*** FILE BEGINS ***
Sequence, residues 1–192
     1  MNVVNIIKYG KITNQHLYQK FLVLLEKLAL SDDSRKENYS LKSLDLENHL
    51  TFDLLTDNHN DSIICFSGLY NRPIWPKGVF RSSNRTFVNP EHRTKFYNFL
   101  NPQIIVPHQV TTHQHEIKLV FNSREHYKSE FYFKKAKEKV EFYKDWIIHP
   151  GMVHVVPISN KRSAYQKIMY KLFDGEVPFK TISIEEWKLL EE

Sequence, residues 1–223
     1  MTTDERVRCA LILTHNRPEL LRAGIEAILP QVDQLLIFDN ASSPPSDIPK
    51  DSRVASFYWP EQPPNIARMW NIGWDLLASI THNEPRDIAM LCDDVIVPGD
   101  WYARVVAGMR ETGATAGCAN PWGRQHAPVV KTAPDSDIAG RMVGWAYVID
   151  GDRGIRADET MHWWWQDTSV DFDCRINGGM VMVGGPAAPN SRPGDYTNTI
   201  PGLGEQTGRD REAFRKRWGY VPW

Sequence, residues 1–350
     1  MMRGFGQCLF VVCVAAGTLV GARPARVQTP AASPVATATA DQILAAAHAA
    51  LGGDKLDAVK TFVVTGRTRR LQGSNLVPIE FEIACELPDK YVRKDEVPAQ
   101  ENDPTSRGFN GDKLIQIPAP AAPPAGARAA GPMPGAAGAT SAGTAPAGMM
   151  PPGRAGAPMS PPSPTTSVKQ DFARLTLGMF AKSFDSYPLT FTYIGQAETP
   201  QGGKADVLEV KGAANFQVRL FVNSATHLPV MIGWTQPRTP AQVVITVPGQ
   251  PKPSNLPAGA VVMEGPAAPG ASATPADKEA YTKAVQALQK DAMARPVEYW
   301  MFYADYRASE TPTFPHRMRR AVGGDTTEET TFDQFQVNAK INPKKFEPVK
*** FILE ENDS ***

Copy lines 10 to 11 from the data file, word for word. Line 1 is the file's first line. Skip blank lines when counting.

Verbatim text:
   151  GDRGIRADET MHWWWQDTSV DFDCRINGGM VMVGGPAAPN SRPGDYTNTI
   201  PGLGEQTGRD REAFRKRWGY VPW